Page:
Transportation and the infrastructure necessary to keep it up impacts our everyday lives. If any one of our nation’s transportation infrastructure network breaks down, Americans immediately feel the impact - especially residents of New Jersey’s 8th Congressional District. That is why I have worked so hard to provide our States and cities with the federal funds they need to maintain current infrastructure networks, expand current infrastructure, and build new projects to meet the needs of growing cities and expanding economies.
A National Infrastructure Initiative
There is an urgent need to repair and modernize our nation’s crumbling infrastructure. As a member of the House of Representatives’ Transportation and Infrastructure Committee, I have long worked to ensure that communities in New Jersey and around the country have the resources they need to fix their transportation networks, and upgrade critical energy and water infrastructure. In fact, as a member of the conference committee to negotiate the Fix America’s Surface Transportation (FAST) Act of 2015, I worked to provide New Jersey with over $5 billion for federal-aid highway funding and over $3 billion for transit program funding.
I am encouraged that the Trump Administration shares my urgency, but I disagree with their approach to addressing it. The President’s infrastructure initiative, which was advertised as a $1.5 trillion Federal investment, actually only provides $200 billion over ten years. That is not nearly enough to tackle the nation’s infrastructure projects backlog.
In the 115th Congress, I have supported legislation to provide hundreds of billions of dollars in infrastructure investments for States and cities (H.R. 1164), legislation to empower ports across the country to keep the air in their community clean and mitigate community impacts of continuous truck traffic (H.R. 4147), and a resolution calling for a bold jobs and infrastructure package that benefits all Americans (H.Con.Res. 63). Federal infrastructure funding does not have to be a partisan fight and I look forward to working with my colleagues on a bill that does not short change our communities in need.
Freight and Moving Goods
New Jersey’s economy depends largely on our ability to effectively and efficiently move goods. More than 269,000, or approximately 1 in 8, jobs in the state are directly affected by the goods movement industry, which includes the shipping of everything from food and clothing to cars and industrial supplies. More efficient goods movement enhances our ability to move on the roads, decreases harmful environmental effects, and minimizes damage to our infrastructure.
The Department of Transportation estimates that freight tons transported are expected to double by 2035, and this increase will lead to increased congestion on our nation’s already overburdened highways, railways, airports, and ports.
The FAST Act included an average $1.2 billion per year for a new National Highway Freight Program and established a discretionary competitive grant program of $4.5 billion over five years to provide financial assistance to nationally and regionally significant highway, rail, port, and intermodal freight and highway projects. As New Jersey’s freight capabilities continue to expand with projects like the deepening of the Port of New York and New Jersey and the raising of the Bayonne Bridge, I will continue to advocate for dedicated funding streams to assist large multimodal freight projects.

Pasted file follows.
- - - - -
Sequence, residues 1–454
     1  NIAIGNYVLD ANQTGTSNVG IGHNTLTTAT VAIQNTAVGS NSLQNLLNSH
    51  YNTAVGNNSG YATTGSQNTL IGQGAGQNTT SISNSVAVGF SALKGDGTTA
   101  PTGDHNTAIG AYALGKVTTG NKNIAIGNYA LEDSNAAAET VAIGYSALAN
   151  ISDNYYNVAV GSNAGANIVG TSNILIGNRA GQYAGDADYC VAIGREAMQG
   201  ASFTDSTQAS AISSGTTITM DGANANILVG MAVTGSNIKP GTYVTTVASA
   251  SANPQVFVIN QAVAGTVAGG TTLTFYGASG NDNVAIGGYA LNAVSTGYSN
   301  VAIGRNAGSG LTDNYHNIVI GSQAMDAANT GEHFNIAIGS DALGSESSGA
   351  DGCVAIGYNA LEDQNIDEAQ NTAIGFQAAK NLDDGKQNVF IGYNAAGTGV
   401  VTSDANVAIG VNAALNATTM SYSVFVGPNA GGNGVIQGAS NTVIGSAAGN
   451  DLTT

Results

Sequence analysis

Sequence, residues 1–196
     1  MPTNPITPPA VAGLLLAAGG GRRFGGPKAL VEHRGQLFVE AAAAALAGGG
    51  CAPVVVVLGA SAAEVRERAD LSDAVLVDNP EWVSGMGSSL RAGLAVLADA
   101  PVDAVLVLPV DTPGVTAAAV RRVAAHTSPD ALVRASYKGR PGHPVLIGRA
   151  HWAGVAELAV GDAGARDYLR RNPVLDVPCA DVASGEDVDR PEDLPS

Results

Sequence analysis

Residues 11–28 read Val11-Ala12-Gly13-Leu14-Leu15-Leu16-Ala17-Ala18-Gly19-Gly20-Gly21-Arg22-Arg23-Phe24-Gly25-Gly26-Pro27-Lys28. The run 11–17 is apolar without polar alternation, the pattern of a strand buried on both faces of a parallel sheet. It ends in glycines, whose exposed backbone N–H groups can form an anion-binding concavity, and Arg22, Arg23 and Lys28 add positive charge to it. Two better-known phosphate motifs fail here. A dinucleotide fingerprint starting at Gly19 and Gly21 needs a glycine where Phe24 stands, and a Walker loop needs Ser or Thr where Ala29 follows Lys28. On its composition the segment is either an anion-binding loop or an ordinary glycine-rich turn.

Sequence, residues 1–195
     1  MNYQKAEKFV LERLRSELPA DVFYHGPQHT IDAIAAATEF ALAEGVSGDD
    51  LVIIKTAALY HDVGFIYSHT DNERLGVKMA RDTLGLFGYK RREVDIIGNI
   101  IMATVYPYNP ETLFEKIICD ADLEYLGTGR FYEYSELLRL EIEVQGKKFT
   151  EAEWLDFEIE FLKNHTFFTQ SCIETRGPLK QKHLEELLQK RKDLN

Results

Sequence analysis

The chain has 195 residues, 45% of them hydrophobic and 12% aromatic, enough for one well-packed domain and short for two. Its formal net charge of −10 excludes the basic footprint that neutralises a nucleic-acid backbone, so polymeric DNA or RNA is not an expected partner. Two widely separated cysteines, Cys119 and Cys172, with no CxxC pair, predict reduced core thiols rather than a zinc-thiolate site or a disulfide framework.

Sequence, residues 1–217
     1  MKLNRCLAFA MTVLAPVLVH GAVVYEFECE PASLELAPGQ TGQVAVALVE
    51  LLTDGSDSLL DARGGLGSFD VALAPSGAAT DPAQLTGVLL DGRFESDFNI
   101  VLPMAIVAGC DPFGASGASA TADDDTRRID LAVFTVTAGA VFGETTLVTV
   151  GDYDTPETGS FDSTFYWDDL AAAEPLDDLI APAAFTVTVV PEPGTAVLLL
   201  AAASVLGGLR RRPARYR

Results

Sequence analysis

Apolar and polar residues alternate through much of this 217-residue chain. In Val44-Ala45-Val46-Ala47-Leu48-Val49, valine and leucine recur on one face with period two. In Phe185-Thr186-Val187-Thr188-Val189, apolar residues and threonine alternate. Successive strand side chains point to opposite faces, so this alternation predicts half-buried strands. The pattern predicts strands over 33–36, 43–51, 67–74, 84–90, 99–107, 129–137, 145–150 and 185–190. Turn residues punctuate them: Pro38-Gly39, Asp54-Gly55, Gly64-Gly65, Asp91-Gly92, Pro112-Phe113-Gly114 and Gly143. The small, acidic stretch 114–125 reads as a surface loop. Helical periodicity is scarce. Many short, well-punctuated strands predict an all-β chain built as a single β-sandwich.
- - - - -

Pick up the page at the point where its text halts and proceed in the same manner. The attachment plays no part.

The aviation industry is a crucial sector of the United States economy. Commercial aviation is responsible for roughly five percent of our gross domestic product and contributes roughly eleven million American jobs to our economy.
The 8th District of New Jersey is home to part of Newark Liberty International Airport, the nation’s oldest airfield and home to the nation’s first commercial airline terminal. The airport employs 20,000 people and contributes around $22.9 billion in economic activity to the New Jersey - New York region.
It is important that the concerns of pilots, airport employees, and passengers are addressed in aviation legislation. As Congress considers the reauthorization of the Federal Aviation Administration in the 115th Congress, I will work with my colleagues on the Transportation and Infrastructure Committee to ensure that the concerns of the people of New Jersey are heard.
The Gateway Project
The Gateway Project is an absolute priority for me, for our District, for our State, and for the nation. The century-old infrastructure that connects New Jersey to New York is crumbling due to its age and to the residual damage caused by Superstorm Sandy in 2012. Repairing and upgrading this infrastructure, which includes the Hudson River tunnels and the Portal Bridge over the Hackensack River, is absolutely vital for our economy. The tunnels carry 200,000 passengers crossing between Newark and Manhattan each day - this is economic activity which the nation cannot afford to lose.